Thank you Robin.
    Will try to check all connection first. If it help will be good, if not will go to electrician.
    Thank you a lot for replay.

    Reply
  5. Joe Giliberti
    Joe Giliberti says:

    Will LEDs burn less hot?
    My dining room chandelier lets off too much heat. Thinking of switching to LED.

    Reply
    • Robin
      Robin says:

      LEDs produce far less heat than incandescent or fluorescent bulbs. Incandescent bulbs convert about 10% of the electricity they use into light; the rest becomes heat, LEDs convert most of their electricity into light, which is why it takes far fewer watts to produce a given light output from an LED than from an incandescent bulb. Fluorescent bulbs are somewhere between incandescent and LED in terms of efficiency and heat output.

      Reply
  6. BarryMpls
    BarryMpls says:

    LED bulbs DO burn out! I like LED bulbs and am replacing my compact fluorescent bulbs. But thus far, I’ve had 3 or 4 fail in the last year. It IS possible that those LED bulbs were cheap off-brand ones I bought at Menard’s. The problem is, many do not have brand name on the bulb itself, so it’s difficult to tell.

    Reply
    • Robin
      Robin says:

      It really depends on the brand and the quality of that brand. I had halogen lights throughout my ground floor, and the bulbs that came with the contractor-grade pot lights failed pretty early on – the first one burnt out after perhaps six months, and another would burn out every month or so (out of about 24 lights total). I moved to Phillips LED lights over a year ago and none of them has burnt out. They are on LED-compatible dimmer switches. I’ve seen plenty of no-name LED lights burn out but so far these ones are doing well. (If you click the Phillips link you’ll see a wide selection of Phillips bulbs on Amazon, and what’s impressive is the consistently high reviews they get – mostly 4.5 to 5 stars.)
      If you think about it, cheap off-brands are counting on the fact that you can’t easily figure out, when one fails, where you got it or what the warranty is, so they can cut the cost by cutting the quality. It’s worth paying extra for a top brand that stands behind its product. I once had a CFL fail on a Phillips circular CFL (a very ugly bulb for a kitchen table lamp, but back in those days that’s what you had to do to save energy), and I phoned them and that same day they put a replacement bulb in the mail. As they say, you get what you pay for.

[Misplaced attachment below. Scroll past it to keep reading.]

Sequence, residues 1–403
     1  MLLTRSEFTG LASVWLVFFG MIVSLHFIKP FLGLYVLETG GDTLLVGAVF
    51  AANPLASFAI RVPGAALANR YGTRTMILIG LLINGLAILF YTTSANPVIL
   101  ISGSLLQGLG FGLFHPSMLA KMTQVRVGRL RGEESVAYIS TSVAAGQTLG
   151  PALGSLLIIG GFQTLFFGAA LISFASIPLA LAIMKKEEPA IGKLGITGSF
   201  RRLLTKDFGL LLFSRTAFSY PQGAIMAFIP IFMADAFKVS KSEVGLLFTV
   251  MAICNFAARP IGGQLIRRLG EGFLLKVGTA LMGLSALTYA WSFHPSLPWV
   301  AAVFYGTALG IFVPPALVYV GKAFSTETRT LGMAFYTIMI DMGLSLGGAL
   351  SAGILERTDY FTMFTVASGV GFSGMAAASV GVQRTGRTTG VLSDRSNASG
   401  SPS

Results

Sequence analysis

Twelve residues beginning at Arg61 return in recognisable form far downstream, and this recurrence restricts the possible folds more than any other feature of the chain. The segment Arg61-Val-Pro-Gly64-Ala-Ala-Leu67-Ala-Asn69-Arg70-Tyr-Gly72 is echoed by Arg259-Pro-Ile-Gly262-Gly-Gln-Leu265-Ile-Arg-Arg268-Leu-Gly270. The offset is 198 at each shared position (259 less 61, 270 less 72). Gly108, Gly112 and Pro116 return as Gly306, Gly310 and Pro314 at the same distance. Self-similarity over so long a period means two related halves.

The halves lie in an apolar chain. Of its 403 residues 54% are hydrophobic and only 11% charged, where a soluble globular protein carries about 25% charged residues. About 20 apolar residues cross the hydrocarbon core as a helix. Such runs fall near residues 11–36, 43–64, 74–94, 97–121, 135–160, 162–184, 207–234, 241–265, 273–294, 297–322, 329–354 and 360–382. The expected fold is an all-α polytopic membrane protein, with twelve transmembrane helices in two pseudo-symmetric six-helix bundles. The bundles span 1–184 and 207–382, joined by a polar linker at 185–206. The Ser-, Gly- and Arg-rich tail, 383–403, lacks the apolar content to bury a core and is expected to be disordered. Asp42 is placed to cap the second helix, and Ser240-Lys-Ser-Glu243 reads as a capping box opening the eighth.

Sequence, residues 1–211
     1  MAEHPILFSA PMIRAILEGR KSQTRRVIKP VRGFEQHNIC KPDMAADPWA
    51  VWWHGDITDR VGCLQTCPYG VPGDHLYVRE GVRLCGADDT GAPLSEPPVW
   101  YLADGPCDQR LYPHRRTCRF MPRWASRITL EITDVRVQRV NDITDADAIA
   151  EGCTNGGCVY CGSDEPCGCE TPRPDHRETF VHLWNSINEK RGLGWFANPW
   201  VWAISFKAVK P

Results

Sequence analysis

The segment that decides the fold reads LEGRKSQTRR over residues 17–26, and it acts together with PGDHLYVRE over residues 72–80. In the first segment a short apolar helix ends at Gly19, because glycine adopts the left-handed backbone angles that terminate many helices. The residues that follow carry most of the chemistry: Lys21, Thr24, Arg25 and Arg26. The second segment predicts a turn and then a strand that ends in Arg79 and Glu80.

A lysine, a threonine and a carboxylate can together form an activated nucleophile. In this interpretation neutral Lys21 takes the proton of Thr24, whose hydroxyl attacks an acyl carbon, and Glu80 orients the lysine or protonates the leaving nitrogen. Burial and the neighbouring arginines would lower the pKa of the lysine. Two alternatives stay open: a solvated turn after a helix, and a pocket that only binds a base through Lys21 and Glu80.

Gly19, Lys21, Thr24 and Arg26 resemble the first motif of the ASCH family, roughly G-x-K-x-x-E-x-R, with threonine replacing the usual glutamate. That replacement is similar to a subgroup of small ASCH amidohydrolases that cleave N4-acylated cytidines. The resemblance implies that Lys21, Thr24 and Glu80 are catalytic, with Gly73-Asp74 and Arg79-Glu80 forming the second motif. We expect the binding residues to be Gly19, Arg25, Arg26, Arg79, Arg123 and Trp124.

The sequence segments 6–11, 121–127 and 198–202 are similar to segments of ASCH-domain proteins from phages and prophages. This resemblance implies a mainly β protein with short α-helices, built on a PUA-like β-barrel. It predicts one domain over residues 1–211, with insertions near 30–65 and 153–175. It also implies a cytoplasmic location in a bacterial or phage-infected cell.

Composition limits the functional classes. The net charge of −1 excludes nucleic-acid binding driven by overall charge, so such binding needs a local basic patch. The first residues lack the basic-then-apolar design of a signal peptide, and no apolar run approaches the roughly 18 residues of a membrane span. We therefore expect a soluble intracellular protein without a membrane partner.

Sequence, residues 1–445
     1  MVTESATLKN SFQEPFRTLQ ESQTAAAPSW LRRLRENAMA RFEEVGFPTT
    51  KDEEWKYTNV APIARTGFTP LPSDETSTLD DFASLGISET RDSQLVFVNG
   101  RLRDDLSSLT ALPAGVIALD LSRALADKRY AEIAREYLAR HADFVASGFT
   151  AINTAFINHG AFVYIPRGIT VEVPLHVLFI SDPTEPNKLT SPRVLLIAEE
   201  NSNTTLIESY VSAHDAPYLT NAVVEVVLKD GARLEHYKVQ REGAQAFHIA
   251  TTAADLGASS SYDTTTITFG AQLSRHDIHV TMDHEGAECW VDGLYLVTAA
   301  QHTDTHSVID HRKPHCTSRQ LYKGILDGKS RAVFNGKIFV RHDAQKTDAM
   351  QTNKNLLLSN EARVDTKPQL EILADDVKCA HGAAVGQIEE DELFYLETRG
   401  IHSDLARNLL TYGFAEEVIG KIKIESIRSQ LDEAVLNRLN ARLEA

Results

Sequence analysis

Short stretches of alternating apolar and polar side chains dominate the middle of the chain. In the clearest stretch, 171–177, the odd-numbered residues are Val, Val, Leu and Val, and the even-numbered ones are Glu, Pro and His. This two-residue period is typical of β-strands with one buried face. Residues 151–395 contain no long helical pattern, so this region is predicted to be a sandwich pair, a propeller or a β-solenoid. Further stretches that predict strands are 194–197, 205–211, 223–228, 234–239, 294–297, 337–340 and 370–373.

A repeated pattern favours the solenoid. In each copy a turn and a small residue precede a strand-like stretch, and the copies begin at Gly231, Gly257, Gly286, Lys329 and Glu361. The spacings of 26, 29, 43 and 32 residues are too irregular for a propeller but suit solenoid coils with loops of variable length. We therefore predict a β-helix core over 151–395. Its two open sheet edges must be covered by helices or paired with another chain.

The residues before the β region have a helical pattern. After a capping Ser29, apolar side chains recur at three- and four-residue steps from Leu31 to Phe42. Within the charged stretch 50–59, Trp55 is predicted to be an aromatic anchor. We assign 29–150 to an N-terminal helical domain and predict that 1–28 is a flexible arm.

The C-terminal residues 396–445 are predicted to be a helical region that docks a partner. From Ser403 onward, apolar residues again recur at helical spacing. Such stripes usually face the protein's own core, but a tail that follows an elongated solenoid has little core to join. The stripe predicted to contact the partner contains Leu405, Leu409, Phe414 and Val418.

Reply
  7. BENI
    BENI says:

    When my LED light goes out will I need to replace the entire fixture? I am considering replacing all outdoor lighting with LED fixtures

    Reply
    • Robin
      Robin says:

      If the LED light that goes out is part of a string of bulbs, for example, or is otherwise not easily removed and replaced, then you would need to replace the entire fixture. But if each bulb can be individually removed and replaced, no need to replace the whole fixture – different bulbs from different manufacturers should be able to co-exist.

      Reply
  8. Eric
    Eric says:

    It’s likely the LEDs are not burning out. Keep in mind each bulb has a power supply that must convert AC mains power to DC voltage. So while it may be true that the LED can last 25k hours the power supply necessary to power the LED likely does not last nearly as long. The power supply gets very hot (yes even in LED bulbs) and heat kills electronic components. If a car engine will consistently run for 250k miles but the transmission fails after 50k miles then it doesn’t really matter how robust the engine is, so take the 25k hours lifespan with a grain of salt.

    Reply